Posted by: The Ellis Team

What are the financial implications of switching to a 4-day week?

In early February the results from the largest trial of a four-day week were released in what was described as a ‘major breakthrough’.

What was the 4-day working week trial?

The UK pilot commenced in June 2022 with 61 companies taking part over a six-month period. Companies taking part were offered mentoring and workshops to support them in this significant change in working practices. The 2,900 employees that took part in the trial remained on the same salary, whilst working across four days instead of five.

What were the results?

Whilst the trial officially came to an end earlier this year, a vast majority of those taking part have continued with this ground-breaking new working pattern. In fact, an astounding 56 out of 61 companies have opted to extend their four-day week trial, including 18 that have made this a permanent change in their working practices.

Surveys have identified that 39% of staff felt less stressed, 40% were able to sleep better and 54% found their work life balance improved. Furthermore, the number of sick days taken fell by two thirds compared to the same period the previous year. Most companies reported that they were satisfied with both productivity and business performance during the trial period.

Will there be financial implications?

With so many businesses opting to continue the four-day week, the business world is asking what the exact financial implications this could have. For the most part, early indications show that financially, companies adopting this way of working are reducing costs, and here’s why…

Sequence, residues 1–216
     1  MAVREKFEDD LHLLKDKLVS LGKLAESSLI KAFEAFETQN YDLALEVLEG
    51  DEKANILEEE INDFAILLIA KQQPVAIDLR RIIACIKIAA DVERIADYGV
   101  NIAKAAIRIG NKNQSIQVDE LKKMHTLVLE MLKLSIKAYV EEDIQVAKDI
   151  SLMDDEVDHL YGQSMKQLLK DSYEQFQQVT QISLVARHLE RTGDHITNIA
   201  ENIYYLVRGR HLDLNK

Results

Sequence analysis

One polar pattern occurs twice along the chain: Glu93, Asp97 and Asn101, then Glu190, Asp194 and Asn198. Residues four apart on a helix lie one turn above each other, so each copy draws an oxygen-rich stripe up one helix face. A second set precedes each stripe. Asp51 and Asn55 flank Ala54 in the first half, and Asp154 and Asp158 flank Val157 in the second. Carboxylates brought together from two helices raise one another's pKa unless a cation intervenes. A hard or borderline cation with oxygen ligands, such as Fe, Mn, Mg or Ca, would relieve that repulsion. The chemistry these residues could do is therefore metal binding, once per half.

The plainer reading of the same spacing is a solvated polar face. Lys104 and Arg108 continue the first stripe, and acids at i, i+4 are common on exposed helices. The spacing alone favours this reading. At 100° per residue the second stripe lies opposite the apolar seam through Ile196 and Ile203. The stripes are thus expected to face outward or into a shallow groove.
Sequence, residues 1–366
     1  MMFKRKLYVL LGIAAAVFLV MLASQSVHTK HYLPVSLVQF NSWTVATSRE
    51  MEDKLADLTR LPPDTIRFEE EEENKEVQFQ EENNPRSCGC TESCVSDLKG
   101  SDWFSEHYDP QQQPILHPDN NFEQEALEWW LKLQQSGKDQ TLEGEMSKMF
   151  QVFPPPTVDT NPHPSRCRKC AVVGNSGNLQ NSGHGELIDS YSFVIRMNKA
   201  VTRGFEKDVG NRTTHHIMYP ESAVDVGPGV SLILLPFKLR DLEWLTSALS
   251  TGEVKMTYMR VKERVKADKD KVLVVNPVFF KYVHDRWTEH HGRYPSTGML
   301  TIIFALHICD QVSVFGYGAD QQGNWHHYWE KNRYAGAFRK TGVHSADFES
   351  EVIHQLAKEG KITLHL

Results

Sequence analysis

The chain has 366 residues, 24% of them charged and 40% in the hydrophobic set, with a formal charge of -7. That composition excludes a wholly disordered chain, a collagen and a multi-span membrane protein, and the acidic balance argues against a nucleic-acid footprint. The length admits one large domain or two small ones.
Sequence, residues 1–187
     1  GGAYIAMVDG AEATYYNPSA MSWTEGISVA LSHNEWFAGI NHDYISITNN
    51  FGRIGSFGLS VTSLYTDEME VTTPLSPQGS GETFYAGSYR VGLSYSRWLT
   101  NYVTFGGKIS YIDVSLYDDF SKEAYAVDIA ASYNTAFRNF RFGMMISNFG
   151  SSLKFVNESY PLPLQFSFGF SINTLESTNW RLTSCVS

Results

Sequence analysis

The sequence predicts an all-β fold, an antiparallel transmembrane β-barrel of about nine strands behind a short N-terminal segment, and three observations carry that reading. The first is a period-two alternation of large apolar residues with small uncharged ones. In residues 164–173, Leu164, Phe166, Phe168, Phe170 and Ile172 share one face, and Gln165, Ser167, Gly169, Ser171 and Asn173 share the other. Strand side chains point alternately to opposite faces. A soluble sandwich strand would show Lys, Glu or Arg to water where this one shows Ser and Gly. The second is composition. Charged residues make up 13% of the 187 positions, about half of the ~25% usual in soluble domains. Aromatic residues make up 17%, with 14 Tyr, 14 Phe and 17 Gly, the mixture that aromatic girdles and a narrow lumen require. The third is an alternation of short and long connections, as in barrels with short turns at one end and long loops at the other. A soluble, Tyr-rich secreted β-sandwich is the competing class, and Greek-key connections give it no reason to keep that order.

Reduced overhead costs

Of course, with your office closed for one day a week your overhead costs will drop significantly, this not only includes heating and lighting, but also in office amenities such as tea, coffee, and milk.

Happier, more motivated employees

A happy employee is a more productive employee which will ultimately mean more work achieved and to a higher quality – a win win for both you and your clients.

Higher retention

Expanding on the above point, happier employees will mean higher retention of your employees. Not only will this reduce recruitment costs to replace those that leave, but the further training costs for new employees.

Attract top talent

When it comes to hiring the ideal candidate for a role, a four-day working week is a huge draw for many, meaning quicker and more effective recruitment with the most suitable person for the role. Again, in the long run, this could save you a great deal of money and time.

Of course, we must look at the other side of the coin; the four-day working week won’t suit every business model and with some opting to condense the hours of a five-day week into four, employees may find the longer working hours stressful.

Ultimately, when looking to incorporate this new way of working, companies must consider all angles and identify whether it makes strategic sense to take this path.

What are your thoughts on the four-day week? Is it something your business would consider? Speak to us today if you’d like to discuss the financial implications of this move with our team of accountants!

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